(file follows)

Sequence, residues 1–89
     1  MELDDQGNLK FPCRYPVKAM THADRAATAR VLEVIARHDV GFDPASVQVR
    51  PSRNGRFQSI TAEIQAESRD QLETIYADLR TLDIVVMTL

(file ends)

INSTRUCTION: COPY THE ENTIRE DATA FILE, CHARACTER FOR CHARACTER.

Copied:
Sequence, residues 1–89
     1  MELDDQGNLK FPCRYPVKAM THADRAATAR VLEVIARHDV GFDPASVQVR
    51  PSRNGRFQSI TAEIQAESRD QLETIYADLR TLDIVVMTL